*Analytic Theory of Global Bifurcation: An Introduction *by Boris Buffoni and John Toland

*Entropy *by Andreas Greven, Gerhard Keller, and Gerald Warnecke

*Auxiliary Signal Design for Failure Detection *by Stephen L. Campbell and Ramine Nikoukhah

*Thermodynamics: A Dynamical Systems Approach *by Wassim M. Haddad, VijaySekhar Chellaboina, and Sergey G. Nesesov

*Optimization: Insights and Applications *by Jan Brinkhuis and Vladimir Tikhomirov

The Princeton Series in Applied Mathematics publishes high quality advanced texts and monographs in all areas of applied mathematics. Books include those of a theoretical and general nature as well as those dealing with the mathematics of specific applications areas and real-world situations.

Optimization: Insights and Applications

Jan Brinkhuis

Vladimir Tikhomirov

PRINCETON UNIVERSITY PRESS

PRINCETON AND OXFORD

Copyright © 2005 by Princeton University Press

Published by Princeton University Press,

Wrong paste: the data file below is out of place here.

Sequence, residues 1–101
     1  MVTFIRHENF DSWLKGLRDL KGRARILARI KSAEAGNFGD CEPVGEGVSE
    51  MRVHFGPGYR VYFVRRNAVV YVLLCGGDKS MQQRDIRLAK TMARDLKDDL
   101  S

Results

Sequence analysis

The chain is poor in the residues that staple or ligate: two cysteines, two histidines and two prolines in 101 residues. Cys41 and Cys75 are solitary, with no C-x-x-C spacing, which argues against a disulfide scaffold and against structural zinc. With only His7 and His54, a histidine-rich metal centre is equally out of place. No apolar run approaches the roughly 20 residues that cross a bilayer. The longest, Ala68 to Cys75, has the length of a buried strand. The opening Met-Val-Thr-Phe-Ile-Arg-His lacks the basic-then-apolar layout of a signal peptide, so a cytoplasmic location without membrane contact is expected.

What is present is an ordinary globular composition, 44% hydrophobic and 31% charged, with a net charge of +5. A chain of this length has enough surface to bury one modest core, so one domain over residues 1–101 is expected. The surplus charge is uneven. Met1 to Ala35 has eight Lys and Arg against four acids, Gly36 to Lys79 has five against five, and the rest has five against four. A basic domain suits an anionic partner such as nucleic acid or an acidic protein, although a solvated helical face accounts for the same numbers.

41 William Street, Princeton, New Jersey 08540

In the United Kingdom: Princeton University Press,

3 Market Place, Woodstock, Oxfordshire OX20 1SY

All Rights Reserved

Library of Congress Cataloging-in-Publication Data

Brinkhuis, Jan.

Optimization : insights and applications / Jan Brinkhuis, Vladimir Tikhomirov.

p. cm. — (Princeton series in applied mathematics)

Includes bibliographical references and index.

ISBN-13 : 978-0-691-10287-0 (alk. paper)

ISBN-10 : 0-691-10287-2 (alk. paper)

1. Econometrics — Mathematical models. I. Tikhomirov, V. M. (Vladimir Mikhailovich), 1934- II. Title. III. Series.

HB141.B743 2005

330′.01′5195—dc22 2005046598

British Library Cataloging-in-Publication Data is available

The publisher would like to acknowledge the authors of this volume for providing the camera-ready copy from which this book was printed.

Printed on acid-free paper.

pup.princeton.edu

Printed in the United States of America

10 9 8 7 6 5 4 3 2 1